family traditions & helping the less fortunate

9:50 AM

tg5 Over the past week my refrigerator has become a haven for excess goods brought to us by friends and neighbors, my pantry stocked up with cans and boxes of instant stuffing, and the car overstuffed with boxes and bags of clothing. No, we're not hoarders and this overstock is certainly not for our low-key Thanksgiving Day dinner. We have been putting in extra hours lately helping a friend and his church gather clothing for his homeless shelter and outreach program and preparing for a revisited tradition Terry and I used to do annually until we had Eamon: delivering hot meals to the homeless.

My family has seen well over its share of drama in the past fifteen years (if not more), including substance abuse, depression, health issues, and even one of my (half) siblings ending up on the street as a result of pretty much all three of those. Homelessness is a multi-layered issue that only gains national attention around the holidays or when the new buzz-feed for the day is a random act of kindness and some kid with a camera. When it hits you close to home it becomes not only an awkward situation to say the least, but something you realize you know nothing about. There are many reasons people are on the streets - and I'm not talking about gutterpunks looking for handouts to "travel." There are people with psychological issues and substance abuse problems who just need treatment; there are people who lost their home in foreclosures, fire, or disasters; people who lost their job; veterans; etc.... Regardless of the reason, relying on the government that put them there in the first place is not only a huge mistake (IMO) but something that would take a lifetime of red tape to cut through. Besides, unless it serves a political purpose, don't think (many) politicians care much. No, in our true grass-roots-type fashion, we set out ourselves to make a difference, as small as it may be.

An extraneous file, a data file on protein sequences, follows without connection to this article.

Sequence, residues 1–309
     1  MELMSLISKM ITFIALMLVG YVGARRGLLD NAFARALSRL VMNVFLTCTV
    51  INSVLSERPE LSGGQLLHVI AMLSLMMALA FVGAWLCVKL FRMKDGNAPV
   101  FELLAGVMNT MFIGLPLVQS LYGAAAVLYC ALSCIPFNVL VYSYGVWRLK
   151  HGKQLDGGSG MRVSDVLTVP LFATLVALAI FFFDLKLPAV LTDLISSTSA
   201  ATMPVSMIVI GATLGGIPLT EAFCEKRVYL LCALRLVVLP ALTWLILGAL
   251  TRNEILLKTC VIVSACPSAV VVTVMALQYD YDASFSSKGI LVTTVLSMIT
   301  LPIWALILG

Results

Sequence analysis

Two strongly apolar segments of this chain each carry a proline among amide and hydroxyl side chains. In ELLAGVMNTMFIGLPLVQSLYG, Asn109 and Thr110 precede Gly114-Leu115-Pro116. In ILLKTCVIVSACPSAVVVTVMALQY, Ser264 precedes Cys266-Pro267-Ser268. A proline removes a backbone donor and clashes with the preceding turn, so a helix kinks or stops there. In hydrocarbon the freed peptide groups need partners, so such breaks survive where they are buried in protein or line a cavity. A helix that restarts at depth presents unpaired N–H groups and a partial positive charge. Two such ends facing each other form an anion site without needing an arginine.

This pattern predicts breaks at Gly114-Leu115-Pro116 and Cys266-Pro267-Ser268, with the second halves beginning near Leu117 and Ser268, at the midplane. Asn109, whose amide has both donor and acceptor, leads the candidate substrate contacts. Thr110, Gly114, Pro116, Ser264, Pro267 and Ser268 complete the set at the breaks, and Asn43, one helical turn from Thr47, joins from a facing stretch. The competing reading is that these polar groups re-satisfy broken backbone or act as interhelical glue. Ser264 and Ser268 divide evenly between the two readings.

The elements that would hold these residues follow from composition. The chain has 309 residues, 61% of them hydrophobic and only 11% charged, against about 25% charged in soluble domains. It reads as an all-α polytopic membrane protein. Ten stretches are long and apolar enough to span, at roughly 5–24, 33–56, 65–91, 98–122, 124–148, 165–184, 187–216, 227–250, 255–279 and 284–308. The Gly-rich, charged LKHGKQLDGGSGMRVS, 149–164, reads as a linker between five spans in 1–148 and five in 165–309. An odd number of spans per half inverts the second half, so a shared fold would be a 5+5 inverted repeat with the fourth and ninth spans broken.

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Over the course of three days, three turkeys, ten pounds of chicken leg quarters, about a dozen boxes of stuffing, a case of green beans, some sixty cupcakes, instant potatoes, and a few gallons of turkey stock were cooked in our tiny city kitchen, stuffed into containers, and delivered across the city Thanksgiving-eve to people who could use a hot meal and a kind heart and to our friend's shelter. Some good friends helped in providing food and clothing to be delivered and deliver some 40 hot meals on a very chilly evening.

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And if the poorly-taken selfies at the end of the night aren't a reflection of our elation meets exhaustion, the long hours of work paid off and helped bring a smile to the faces of quite a few men and a few women on the street who could use a hot meal and a friend to talk to, even for a few minutes.

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